ILNews

National fraternity not entitled to summary judgment in wrongful death case

Back to TopCommentsE-mailPrintBookmark and Share

The national organization of a Wabash College fraternity where a freshman pledge died after a night of heavy drinking is not entitled to summary judgment on the student’s parents’ claims arising from his wrongful death, the Indiana Court of Appeals ruled.

Johnny Dupree Smith was a freshman at Wabash in Crawfordsville and a pledge at the Beta Psi Chapter of Delta Tau Delta. During “hell week,” Smith drank heavily at a party, some of which he did while participating in a “pledge family drink night.” The morning after the party, he was found unresponsive. The coroner determined he had been dead for several hours and his blood alcohol content was nearly 0.40 percent.

His parents, Stacy and Robert Smith, sued the school, local chapter of the fraternity, the national organization, and the chapter's risk manager, alleging violations of the hazing statute and the dram shop laws and asserted a claim of negligence against Delta Tau Delta.

Delta Tau Delta has a constitution, bylaws, and member responsibility guidelines that provide policies and rules for both individual and chapter expectations, including a prohibition of hazing and providing alcohol to pledges, requires its local chapters to comply with its rules, and enforces its rules at the chapter level in a variety of ways. Delta Tau Delta also mandated that each new member of the fraternity must complete an alcohol education program.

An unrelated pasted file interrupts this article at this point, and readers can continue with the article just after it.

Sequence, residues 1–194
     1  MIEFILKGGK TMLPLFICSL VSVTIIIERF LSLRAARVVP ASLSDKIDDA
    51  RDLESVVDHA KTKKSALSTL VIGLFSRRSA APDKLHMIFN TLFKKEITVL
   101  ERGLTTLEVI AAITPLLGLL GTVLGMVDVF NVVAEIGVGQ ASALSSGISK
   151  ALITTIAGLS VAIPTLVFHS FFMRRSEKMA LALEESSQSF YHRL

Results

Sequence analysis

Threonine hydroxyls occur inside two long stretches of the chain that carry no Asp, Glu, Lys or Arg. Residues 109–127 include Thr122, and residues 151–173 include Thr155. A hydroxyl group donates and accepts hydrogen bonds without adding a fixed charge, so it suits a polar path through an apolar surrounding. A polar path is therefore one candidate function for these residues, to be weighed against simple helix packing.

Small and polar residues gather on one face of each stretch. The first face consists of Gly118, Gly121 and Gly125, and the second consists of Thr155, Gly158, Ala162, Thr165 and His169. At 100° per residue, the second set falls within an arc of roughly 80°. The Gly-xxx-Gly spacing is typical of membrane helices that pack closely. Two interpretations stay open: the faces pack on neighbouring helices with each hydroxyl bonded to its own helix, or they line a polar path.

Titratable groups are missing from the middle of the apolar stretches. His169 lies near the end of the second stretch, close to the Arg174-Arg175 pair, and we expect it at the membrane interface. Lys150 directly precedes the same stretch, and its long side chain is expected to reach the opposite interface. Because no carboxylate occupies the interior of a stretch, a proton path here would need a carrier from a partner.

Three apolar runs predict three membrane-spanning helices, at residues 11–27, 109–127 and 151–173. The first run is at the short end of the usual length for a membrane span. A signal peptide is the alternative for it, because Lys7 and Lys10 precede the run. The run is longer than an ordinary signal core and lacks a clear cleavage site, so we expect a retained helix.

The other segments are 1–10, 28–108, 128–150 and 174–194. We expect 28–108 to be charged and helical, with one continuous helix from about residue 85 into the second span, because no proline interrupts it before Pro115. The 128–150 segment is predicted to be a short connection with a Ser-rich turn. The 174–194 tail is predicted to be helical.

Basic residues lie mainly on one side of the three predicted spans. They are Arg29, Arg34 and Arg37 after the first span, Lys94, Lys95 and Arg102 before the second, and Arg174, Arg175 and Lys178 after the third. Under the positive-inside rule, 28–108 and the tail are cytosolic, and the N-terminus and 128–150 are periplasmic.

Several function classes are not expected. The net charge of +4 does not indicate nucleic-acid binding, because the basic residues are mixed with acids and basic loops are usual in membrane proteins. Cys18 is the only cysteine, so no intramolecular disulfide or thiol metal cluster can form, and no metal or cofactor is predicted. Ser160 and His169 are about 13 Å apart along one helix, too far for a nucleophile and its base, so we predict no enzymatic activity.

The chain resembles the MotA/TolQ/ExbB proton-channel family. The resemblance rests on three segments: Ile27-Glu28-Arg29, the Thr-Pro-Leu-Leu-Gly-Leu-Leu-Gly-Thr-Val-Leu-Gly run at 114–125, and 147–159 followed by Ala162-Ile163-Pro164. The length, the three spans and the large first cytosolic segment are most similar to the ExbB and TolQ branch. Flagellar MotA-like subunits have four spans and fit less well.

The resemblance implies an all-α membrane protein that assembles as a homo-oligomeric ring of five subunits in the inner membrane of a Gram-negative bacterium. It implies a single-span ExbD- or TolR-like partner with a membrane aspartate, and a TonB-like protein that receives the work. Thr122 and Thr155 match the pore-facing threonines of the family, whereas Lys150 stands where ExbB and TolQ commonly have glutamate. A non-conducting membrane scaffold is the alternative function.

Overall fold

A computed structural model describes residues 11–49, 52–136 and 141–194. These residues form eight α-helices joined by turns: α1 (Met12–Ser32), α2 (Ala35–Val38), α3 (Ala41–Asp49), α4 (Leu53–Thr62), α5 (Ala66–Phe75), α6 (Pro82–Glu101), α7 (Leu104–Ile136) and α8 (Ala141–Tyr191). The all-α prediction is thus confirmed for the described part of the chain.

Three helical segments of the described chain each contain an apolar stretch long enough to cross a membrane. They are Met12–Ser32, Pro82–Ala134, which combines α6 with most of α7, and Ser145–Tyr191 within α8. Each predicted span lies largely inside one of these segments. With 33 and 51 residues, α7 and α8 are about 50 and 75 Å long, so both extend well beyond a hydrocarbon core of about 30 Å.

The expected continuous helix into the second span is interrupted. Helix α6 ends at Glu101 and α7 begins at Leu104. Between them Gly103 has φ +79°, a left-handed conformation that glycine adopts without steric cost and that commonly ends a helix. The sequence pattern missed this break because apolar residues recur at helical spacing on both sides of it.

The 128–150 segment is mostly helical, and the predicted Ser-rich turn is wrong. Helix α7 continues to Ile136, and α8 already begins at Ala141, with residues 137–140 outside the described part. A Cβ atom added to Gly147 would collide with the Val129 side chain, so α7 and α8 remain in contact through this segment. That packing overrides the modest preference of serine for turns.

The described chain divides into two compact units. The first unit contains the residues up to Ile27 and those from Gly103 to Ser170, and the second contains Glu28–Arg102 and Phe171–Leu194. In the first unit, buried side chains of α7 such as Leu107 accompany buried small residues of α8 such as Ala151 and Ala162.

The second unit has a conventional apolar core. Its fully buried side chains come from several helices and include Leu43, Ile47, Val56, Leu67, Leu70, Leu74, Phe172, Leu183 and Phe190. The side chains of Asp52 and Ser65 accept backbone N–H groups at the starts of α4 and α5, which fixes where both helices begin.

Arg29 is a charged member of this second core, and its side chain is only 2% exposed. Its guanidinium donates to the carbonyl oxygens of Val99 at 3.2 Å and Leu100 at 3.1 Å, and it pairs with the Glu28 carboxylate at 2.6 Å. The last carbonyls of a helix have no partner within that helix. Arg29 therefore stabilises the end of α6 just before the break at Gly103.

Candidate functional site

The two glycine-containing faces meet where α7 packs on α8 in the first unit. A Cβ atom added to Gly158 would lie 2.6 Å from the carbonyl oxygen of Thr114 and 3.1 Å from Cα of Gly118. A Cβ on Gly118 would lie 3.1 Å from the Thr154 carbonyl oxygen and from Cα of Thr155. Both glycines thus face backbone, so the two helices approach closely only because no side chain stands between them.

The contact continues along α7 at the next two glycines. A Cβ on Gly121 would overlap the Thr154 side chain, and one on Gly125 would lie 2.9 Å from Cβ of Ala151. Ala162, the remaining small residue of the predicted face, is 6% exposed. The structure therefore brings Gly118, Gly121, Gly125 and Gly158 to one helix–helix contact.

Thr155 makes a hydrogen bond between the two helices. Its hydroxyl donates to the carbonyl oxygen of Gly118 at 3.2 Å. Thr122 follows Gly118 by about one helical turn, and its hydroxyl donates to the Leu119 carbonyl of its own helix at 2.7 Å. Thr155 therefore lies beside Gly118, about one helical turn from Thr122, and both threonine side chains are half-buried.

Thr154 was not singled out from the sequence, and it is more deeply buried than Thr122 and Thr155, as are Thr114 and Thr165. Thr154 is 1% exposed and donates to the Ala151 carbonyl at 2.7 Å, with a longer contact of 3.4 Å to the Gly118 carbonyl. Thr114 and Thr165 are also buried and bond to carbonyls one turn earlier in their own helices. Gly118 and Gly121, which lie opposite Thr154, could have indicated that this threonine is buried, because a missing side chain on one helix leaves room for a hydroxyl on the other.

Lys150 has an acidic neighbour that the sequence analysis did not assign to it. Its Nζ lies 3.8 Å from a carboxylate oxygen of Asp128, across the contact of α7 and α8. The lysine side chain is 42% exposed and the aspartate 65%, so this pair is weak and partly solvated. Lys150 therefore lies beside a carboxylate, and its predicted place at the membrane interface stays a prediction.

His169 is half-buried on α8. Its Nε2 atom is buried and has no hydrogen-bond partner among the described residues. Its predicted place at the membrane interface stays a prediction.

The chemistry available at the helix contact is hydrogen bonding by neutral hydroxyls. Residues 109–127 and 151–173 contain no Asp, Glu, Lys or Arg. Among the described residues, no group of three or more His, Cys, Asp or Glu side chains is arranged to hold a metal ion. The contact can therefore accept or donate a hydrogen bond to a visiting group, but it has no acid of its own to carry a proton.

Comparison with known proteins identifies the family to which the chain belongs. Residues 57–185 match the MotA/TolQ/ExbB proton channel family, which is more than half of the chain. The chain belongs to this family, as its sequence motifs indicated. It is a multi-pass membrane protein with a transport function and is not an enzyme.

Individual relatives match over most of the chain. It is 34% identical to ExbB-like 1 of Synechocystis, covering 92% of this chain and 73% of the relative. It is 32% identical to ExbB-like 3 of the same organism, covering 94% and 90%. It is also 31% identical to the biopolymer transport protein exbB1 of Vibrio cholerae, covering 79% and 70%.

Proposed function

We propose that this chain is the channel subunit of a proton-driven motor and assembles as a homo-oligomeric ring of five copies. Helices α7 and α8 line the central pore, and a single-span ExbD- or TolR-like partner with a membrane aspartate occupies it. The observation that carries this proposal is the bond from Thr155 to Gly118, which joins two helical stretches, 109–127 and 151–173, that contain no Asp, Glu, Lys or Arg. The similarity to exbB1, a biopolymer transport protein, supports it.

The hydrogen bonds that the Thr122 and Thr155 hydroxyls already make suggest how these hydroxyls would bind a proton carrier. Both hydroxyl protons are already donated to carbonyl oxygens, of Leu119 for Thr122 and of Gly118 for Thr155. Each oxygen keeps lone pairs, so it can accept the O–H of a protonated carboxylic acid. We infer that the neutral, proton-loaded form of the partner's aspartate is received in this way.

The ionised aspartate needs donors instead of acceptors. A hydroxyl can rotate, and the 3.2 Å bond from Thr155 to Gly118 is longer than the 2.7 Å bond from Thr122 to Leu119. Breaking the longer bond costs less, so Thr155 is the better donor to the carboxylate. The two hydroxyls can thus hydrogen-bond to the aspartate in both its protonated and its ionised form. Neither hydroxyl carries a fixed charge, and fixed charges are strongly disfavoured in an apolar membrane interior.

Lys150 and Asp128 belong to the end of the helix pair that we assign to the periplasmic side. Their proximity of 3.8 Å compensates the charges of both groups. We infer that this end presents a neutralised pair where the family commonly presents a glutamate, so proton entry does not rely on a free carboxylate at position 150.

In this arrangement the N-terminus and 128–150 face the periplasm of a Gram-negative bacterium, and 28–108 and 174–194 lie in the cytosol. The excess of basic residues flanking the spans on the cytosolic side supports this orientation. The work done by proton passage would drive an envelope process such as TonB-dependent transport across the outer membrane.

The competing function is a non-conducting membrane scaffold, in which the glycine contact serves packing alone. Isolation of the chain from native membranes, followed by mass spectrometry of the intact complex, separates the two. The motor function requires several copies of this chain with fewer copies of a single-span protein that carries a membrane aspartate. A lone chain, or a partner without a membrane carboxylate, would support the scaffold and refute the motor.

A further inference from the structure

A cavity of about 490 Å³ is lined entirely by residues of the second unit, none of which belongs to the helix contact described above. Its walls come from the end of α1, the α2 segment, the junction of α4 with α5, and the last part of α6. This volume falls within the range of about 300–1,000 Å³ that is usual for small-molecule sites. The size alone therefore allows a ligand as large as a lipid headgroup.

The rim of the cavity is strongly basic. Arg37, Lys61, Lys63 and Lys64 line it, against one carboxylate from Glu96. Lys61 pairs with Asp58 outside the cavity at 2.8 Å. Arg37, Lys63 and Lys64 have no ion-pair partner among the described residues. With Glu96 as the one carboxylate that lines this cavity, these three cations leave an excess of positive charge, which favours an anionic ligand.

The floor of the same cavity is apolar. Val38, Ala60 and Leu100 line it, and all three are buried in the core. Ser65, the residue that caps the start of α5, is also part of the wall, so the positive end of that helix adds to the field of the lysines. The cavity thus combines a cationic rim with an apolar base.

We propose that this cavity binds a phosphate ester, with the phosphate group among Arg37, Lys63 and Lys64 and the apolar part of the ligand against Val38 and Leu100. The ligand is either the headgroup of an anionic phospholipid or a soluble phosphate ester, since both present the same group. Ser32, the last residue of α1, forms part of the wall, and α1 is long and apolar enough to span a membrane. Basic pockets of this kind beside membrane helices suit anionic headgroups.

Delta Tau Delta filed a motion for summary judgment claiming Beta Psi’s individual members were not acting as agents of Delta Tau Delta and the national fraternity had not assumed a duty to the pledges of its local chapter to protect them from hazing and the danger of excessive alcohol consumption.

“To be sure, we are presented with a very narrow legal issue today. The parties are not alleging that an actual violation of the hazing statute or dram shop laws occurred; rather, we are requested to determine whether the national fraternity assumed a duty to its pledges or an agency relationship existed with the local chapter which could propel Delta Tau Delta within the purview of liability if the perceived violations of the hazing statute and dram shop laws took place,” Judge Patricia Riley wrote in Stacy Smith and Robert Smith, Individually and as Co-Personal Representatives of the Estate of Johnny Dupree Smith, Deceased v. Delta Tau Delta, Beta Psi Chapter of Delta Tau Delta, Wabash Col., et al., 54A01-1204-CT-169.

The trial court had denied the Smiths’ motions to strike the affidavit of James Russell, Delta Tau Delta’s executive vice president, and two unsworn and uncertified statements made to police by witnesses. The trial court granted summary judgment for the national organization, the only defendant that the COA ruled on Wednesday.